The annual release of New Jersey school test scores can be maddening in its mixed messages.
On the one hand, the 2010-2011 scores released yesterday rose slightly or at least held steady overall in a majority of grades, a good thing for what have been tough times. In math, there were some notable gains for any given year.
On the other, state officials are quick to point out that the gaps in achievement between rich and poor, white and minority, are wide and in some instances widening alarmingly.
Those results are unsurprising, insofar as they reflect nationwide trends. But the findings have taken on added weight under Gov. Chris Christie and his education reform agenda, much of it aimed at districts where the achievement is lowest.
How the numbers all add up is still to be determined, but there were lessons to be learned at yesterday’s state Board of Education’s meeting, as well as considerable talk as to what lies ahead.
Lesson No. 1: In tough times, New Jersey kids rose to the challenge
The 2010-2011 school year was no joy ride.
Not only was the state still gripped by the Great Recession — putting enormous pressure on schools and families — but also districts lost close to $1 billion in state aid, forcing cuts and layoffs at a level previously unseen. A report by the New York Federal Reserve Bank, released yesterday, found some of the steepest cuts in some of the state’s poorest districts.
Given that situation, it wouldn’t have been a big surprise if overall achievement levels had dropped. They didn’t
Compiling all student scores in math and language arts for the first time revealed that 89.6 percent of high school students passed the state’s math test on the first try, while 75 percent did the same for language arts. Those percentages show small but significant increases on tests that typically don’t show much change.
In the elementary and middle schools, 75 percent passed math on the first try; 66 percent passed language arts. Those results remain largely unchanged, but individual grades showed some promise. Reading scores rose in the critical third and fourth grades, but dropped in Grades 7 and 8. It was better news in math, where there were consistent gains.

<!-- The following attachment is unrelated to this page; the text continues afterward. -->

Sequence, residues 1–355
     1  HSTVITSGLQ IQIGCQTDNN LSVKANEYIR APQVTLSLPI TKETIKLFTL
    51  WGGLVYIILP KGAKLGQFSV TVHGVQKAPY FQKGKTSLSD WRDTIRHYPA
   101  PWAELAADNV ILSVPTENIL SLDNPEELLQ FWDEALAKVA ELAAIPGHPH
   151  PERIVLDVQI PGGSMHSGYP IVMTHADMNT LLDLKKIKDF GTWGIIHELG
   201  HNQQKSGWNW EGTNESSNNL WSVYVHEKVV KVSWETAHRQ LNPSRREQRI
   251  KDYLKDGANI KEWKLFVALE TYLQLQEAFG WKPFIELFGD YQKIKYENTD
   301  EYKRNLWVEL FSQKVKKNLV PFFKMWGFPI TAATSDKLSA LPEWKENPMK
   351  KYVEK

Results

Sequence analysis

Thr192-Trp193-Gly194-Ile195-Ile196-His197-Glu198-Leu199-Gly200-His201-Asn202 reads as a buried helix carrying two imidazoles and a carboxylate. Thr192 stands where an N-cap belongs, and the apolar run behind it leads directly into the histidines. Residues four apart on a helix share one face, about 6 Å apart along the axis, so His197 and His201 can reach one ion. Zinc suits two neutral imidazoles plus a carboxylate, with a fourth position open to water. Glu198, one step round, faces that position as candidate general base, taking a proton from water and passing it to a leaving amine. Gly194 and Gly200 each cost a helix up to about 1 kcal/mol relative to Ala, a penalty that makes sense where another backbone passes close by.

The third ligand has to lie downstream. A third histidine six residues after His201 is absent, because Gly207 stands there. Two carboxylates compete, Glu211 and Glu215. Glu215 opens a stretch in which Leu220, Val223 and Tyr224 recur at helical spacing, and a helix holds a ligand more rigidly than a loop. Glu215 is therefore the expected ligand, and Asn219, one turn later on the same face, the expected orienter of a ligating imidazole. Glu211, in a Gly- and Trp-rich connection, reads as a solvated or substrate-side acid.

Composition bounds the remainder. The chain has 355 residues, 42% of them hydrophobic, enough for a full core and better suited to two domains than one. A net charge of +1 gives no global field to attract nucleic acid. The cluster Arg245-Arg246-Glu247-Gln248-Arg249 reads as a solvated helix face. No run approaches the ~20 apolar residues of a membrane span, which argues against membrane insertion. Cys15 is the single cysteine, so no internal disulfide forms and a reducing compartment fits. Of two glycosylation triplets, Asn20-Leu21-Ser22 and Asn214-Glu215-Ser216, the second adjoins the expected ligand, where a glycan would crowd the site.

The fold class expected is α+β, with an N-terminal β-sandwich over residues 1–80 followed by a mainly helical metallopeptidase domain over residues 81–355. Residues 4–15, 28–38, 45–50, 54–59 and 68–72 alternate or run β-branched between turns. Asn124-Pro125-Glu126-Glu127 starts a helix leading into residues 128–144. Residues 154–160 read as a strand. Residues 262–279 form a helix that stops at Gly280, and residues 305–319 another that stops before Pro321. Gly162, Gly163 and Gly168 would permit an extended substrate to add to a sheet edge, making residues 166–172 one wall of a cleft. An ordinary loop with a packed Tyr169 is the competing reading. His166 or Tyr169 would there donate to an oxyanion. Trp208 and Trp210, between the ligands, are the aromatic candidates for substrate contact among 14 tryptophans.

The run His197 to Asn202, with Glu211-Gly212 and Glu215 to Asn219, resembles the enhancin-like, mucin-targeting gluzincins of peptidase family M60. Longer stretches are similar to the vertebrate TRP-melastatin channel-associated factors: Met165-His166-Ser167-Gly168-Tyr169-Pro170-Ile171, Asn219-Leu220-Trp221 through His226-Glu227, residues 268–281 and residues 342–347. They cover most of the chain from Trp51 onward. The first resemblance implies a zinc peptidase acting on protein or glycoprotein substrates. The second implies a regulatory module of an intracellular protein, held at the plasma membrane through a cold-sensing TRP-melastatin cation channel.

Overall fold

“At all grade levels, we are seeing positive and significant increases,” said assistant commissioner Bari Erlichson, who presented the findings.
The one real blemish on the overall scores? The results for the state’s science exams, long seen as the easiest of the tests, with passing rates typically in the 80th and 90th percentiles. This time out, fourth grade results fell from 93 percent to 90 percent; in the eighth grade, they dropped from 83 percent to 81 percent.
The state’s new high-school biology test, once seen as a possible graduation requirement but on hold for that purpose, saw a slight gain in 2011, but only 57 percent of students passed overall.
Lesson No. 2: Where the numbers get troubling — and complicated
For every encouraging result, though, there is troubling evidence of children left behind, and in some cases falling even further behind.
Acting education commissioner Chris Cerf is adamant in highlighting the gaping chasm between low-income students and those not at an economic disadvantage — rather than between white and Asian students vs. black and Hispanic.
In elementary school language arts, for instance, the gap between low-income students and everyone else is close to 30 percentage points, up from 26 points seven years ago. Among third graders in the state’s poorest districts, barely 40 percent passed the state’s reading and writing test.
“The bottom line is the achievement gap is wide throughout the state,” said Arcelio Aponte, the state board’s president. “Although maybe trending up in some cases, it’s still a 30 percent gap. How could anyone find that acceptable?”